One of my pet peeves these days is doing work on my monitor setup (2 screens side by side), then checking it out later on monitors at school, or at other people's houses and finding that the image either looks dry, or washed out.
The quality of brightness in color, and in producing contrast just seems to be abnormally good for my monitor ( my 200$ monitor better than 400$ monitors my school works with?).
I never used to have this problem with my CRT. It wasn't until I moved on to lcd that the contrast range seemed to actually push me into producing images with contrast ranges that really required a bright montior to see.
Simply put, wtf?
I've calibrated my monitor to match those at other places as closely as possible (trust me, for months I've tried to get it close to perfect), but it just always seems out of reach. I've releveled images to look better for awhile now,
(for example, when I first got my lcd, I thought these levels looked good http://www.coldconcept.net/spec11.jpg
then I saw it at school, and said 'wtf', and recalibrated my monitor and image so it'd look proper on most people's montiors: http://www.coldconcept.net/speckray.jpg)
but I've been left a little skeptical about who or what people are seeing when I post something on the web.
am I the only one who is irritated by this, or has been trying to find a standard calibration norm that is prevailent?
I was actually thinking about this very same thing today. I always get the "colors look muddy" feedback with some submissions of mine and I scratched my head when I read these comments 'cuz I see non-muddy flesh tones on my screen.
But after cross checking with lcds at work they're right. Especially the magentas, pinks, oranges...all mud.
I'm thinking it's a losing battle since people customized their screens all the time. Lower the saturation, adjust the brightness due to an unavoidable window glare, etc. Everything's calibrated in your studio but it's not necessarily wsywyg in somebody else's screen.
I'm going to experiment and just use web safe colors when doing flesh. See if there's a difference. And maybe save the jpg out without embedding the profile that I use.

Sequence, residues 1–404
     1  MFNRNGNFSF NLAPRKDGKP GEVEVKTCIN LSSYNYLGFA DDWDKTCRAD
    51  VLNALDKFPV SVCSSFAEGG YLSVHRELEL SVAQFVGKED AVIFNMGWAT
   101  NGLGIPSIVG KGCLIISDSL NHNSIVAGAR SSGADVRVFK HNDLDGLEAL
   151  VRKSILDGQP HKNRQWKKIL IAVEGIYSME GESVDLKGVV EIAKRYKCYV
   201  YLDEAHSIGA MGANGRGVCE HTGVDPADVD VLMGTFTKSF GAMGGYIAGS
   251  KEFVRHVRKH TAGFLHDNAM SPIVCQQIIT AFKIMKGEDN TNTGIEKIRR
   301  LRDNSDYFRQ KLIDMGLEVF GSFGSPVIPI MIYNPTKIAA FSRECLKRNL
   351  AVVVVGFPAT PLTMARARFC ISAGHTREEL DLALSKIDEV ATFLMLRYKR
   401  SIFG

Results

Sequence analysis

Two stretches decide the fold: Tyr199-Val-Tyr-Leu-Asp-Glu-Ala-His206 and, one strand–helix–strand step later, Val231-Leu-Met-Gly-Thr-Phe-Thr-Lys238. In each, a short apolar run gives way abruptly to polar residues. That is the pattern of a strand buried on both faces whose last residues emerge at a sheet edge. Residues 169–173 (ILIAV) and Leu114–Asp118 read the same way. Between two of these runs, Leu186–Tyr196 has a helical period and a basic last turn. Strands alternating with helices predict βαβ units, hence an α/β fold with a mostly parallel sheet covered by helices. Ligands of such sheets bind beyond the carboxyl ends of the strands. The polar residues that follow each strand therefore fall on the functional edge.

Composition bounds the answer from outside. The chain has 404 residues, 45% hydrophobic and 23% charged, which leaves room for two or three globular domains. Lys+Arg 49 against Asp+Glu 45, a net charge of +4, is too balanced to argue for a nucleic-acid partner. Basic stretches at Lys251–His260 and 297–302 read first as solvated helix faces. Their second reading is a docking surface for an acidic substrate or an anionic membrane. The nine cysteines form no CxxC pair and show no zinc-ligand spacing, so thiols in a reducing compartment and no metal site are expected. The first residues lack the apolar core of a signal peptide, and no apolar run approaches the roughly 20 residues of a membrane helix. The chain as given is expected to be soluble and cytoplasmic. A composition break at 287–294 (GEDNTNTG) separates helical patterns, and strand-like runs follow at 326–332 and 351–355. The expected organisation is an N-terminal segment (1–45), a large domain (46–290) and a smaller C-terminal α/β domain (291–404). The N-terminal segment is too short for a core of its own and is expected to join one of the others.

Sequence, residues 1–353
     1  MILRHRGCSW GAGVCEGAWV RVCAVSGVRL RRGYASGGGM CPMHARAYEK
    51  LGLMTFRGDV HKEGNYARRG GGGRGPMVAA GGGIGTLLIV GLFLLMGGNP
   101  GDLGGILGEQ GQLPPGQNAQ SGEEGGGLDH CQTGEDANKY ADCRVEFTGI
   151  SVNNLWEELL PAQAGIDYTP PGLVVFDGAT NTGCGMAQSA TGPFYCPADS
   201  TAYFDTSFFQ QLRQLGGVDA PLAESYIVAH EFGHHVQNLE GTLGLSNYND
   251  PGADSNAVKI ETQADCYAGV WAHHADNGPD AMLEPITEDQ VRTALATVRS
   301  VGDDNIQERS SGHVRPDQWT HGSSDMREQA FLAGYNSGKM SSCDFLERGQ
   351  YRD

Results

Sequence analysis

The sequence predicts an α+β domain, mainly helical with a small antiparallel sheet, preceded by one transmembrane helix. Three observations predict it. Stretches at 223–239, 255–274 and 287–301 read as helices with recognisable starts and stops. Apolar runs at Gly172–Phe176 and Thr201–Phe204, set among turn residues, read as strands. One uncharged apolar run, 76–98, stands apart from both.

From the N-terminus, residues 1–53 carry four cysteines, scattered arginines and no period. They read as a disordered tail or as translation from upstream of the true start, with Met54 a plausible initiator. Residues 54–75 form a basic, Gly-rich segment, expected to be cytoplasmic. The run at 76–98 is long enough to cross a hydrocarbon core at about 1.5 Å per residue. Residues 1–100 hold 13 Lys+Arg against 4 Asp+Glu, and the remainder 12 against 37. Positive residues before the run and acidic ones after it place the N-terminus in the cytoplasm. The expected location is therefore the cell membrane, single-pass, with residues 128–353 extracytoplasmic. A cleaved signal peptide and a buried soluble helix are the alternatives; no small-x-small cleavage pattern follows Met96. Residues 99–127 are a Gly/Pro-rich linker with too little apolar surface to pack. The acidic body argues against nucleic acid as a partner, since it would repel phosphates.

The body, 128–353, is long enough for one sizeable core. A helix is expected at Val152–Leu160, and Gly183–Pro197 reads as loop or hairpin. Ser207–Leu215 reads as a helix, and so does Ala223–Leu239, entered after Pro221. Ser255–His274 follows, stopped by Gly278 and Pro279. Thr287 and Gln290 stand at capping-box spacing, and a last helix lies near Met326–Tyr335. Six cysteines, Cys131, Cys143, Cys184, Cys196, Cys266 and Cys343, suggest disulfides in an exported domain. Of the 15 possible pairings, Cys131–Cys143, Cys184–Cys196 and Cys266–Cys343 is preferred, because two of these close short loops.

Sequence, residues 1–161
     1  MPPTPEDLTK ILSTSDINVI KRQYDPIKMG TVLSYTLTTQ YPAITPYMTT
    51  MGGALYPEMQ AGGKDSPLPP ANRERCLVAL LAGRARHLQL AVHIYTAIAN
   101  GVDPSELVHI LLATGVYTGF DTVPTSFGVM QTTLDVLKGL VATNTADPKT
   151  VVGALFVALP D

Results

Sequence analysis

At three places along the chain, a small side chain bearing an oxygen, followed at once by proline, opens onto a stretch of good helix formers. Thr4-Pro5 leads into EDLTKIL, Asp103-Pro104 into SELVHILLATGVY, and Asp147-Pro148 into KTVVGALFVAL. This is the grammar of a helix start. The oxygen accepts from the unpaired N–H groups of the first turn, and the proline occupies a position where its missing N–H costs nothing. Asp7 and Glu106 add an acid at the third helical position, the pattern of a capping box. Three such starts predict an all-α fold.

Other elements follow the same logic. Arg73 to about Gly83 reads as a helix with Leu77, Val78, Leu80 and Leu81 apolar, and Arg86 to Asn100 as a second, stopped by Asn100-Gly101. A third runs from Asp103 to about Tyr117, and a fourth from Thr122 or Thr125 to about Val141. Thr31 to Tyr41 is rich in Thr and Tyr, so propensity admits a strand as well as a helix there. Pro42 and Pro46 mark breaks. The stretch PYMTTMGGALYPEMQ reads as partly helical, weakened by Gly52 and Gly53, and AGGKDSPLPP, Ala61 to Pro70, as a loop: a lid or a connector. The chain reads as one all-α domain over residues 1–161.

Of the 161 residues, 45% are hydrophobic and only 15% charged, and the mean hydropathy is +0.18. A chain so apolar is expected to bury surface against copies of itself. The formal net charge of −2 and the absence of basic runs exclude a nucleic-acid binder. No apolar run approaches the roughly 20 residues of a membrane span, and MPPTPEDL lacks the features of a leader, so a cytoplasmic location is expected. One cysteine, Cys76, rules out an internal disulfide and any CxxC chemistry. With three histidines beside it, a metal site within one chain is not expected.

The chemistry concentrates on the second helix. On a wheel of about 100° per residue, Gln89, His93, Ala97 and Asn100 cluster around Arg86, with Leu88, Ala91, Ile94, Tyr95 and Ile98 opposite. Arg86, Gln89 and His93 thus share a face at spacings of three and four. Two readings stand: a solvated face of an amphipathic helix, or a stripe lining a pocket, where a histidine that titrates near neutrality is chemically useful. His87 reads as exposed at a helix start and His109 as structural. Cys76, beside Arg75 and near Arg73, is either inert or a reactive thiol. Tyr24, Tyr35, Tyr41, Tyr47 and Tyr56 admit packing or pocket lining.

Last edited by FlipMcgee; January 16th, 2007 at 12:40 AM.
Btw, just because your monitor has an awesome color and contrast range, doesn't mean that you tune it to its best setting, that will lead directly to your problems.
Get a good colorimeter and screen calibration software.
Another lo-tech way of making sure your colors aren't too screwed up is to get an image with similr histogram and color palette as yours from someone else's site and do a visual match side by side and use adjustment layers to alter the image properties.
Check this out: When you save your JPG, make sure to uncheck the "Color Profile: <profile name>" checkbox (second checkbox in the "Colors" section of the save-dialog). That's the most safe way to make sure everyone sees what you see. The result will only be affected by the viewer's color profiles, not by yours. I found it quite handy.
Checked these images again at work. Once on an lcd and right now on a crt (these monitors aren't for graphics work, fyi).
Surprisingly, the blending and tones for all aren't bad on this crt. The muddiness and low saturation is more apparent in the lcd one, where the only acceptable versions for me would be the last row of the third file. Not too undersaturated and still maintains the hues I picked as I saw them in my studio lcd.
Maybe, something to consider for future thunderdomes. Agree on using one common profile or list the the color profiles the judges are using so competitors can optimize their finished work to their screen specs. Less practical would be to do provide more than one finished entry with different profiles. Or maybe just unchecking profile embedding, as Jabo advises, would be good enough.